The Smallest Victims

Two more New York children are dead,

allegedly at the hands of their abusive parents. In both cases, the system

designed to protect them failed, and once again questions are raised about the

way in which we look after the most innocent among us.

Sylena

Herrnkind, 3 years old, was beaten to death in the Staten Island home she

shared with her parents and four siblings. Her plight was not unknown to

authorities. Investigators from the city’s Administration for Children’s

Services first visited the Herrnkind home three months before Sylena was born.

Later, Sylena and her siblings were placed in foster care when investigators

found that the oldest child had been abused. Sylena was eventually returned to

her parents, who, police allege, were soon

administering cruel punishments. The child died only 11 days after city

investigators decided-after once again visiting the household-that Sylena’s

bruises were the result of an accident, not of beatings. The investigators got

it wrong, and Sylena died.

In the

other tragedy, a 4-year-old girl, Signifagance Oliver, was drowned as her

mother allegedly attempted an exorcism ritual. The child had been removed from

her parents’ care in 1999 and was sent to Virginia to live with an aunt. City

officials could not explain how the child wound up back in her mother’s home.

Under

Nicholas Scoppetta’s leadership, the city’s child-welfare bureaucracy has been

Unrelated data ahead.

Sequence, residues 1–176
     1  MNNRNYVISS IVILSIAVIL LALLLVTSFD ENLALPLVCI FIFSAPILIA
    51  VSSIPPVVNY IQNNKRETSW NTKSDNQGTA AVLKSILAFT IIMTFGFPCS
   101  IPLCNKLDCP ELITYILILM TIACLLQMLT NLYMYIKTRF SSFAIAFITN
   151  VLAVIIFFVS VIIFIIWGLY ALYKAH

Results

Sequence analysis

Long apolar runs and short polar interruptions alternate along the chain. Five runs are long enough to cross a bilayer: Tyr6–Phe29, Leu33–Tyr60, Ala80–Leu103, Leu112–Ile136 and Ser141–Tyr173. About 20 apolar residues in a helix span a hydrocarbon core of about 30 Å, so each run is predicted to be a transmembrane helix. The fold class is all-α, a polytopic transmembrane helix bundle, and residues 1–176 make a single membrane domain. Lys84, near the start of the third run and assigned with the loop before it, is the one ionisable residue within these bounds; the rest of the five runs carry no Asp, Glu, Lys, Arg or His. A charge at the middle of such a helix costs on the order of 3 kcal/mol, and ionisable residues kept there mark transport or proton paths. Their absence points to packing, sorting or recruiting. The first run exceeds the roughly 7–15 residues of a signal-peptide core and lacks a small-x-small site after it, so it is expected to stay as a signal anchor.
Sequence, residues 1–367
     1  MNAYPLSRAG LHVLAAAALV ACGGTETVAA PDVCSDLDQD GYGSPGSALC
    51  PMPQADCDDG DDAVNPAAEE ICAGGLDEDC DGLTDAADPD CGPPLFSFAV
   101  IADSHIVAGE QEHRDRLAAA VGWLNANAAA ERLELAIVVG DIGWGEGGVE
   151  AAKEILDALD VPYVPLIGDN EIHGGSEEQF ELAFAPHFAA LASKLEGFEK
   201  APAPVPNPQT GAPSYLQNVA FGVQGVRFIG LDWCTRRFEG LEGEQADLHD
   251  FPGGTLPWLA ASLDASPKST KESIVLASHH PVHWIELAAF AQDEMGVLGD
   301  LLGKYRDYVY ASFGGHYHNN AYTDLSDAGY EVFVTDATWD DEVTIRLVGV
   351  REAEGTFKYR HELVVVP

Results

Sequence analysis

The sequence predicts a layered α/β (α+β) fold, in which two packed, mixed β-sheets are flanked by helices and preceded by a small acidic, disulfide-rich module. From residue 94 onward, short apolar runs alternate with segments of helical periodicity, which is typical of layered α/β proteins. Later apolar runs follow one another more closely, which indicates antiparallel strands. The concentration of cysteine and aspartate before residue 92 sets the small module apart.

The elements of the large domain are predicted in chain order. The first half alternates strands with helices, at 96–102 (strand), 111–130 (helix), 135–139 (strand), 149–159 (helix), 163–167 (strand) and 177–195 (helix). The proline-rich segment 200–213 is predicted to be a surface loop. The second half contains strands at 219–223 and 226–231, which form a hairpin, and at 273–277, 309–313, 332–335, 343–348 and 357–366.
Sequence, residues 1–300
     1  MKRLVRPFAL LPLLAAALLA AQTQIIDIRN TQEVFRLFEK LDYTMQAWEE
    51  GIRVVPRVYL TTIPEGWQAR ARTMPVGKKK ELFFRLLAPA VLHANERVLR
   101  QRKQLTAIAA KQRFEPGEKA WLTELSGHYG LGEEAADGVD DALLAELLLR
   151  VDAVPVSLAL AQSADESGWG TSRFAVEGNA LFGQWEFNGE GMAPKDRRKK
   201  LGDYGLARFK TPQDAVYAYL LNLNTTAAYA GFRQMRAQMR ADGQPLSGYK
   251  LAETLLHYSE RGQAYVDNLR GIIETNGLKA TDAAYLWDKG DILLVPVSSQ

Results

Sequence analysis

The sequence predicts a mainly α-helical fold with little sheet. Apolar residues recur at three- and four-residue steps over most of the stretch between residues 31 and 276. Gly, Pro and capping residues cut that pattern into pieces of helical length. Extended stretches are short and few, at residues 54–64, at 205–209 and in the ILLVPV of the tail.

making strides in overhauling a deeply flawed system. But the appalling deaths

of these two little girls speak volumes about the continuing

failure and stunning incompetence of those whose job it is to protect the

city’s most vulnerable residents.

As

Mayor-elect Michael Bloomberg prepares to bring new ideas to City Hall, he must

resolve to devote more time, talent and resources to the city’s child-welfare

agency. Innocent lives depend on it.

Fortune Fawns Over Levin

If you happened to glance at

the latest cover of Fortune magazine,

you might have done a double-take: gazing out at readers under the headline

“The New Future” was none other than Gerald Levin, the chief executive of AOL

Time Warner-the company which just happens

to own Fortune . In a startling

departure from journalistic integrity, the editors of Fortune went ahead and put their own boss on the cover, hailing

him-along with former President Bill Clinton, former Secretary of State

Madeleine Albright, Walt Disney Company chairman Michael Eisner and Sun

Microsystems chief scientist Bill Joy-as one of the “smartest people we know,”

whose thoughts on the future should command unblinking respect and

admiration.

One hardly knows where to start untangling the

conflicts of interest in Fortune’s

seedy maneuver. AOL Time Warner is a publicly traded company, and Fortune’s well-being is directly tied to

AOL Time Warner’s prestige. By splashing Mr. Levin’s face on the cover, Fortune used its trusted brand name in

financial journalism to plump up the stature of its own C.E.O. The magazine’s

editors decided that they could get away with turning the cover of the magazine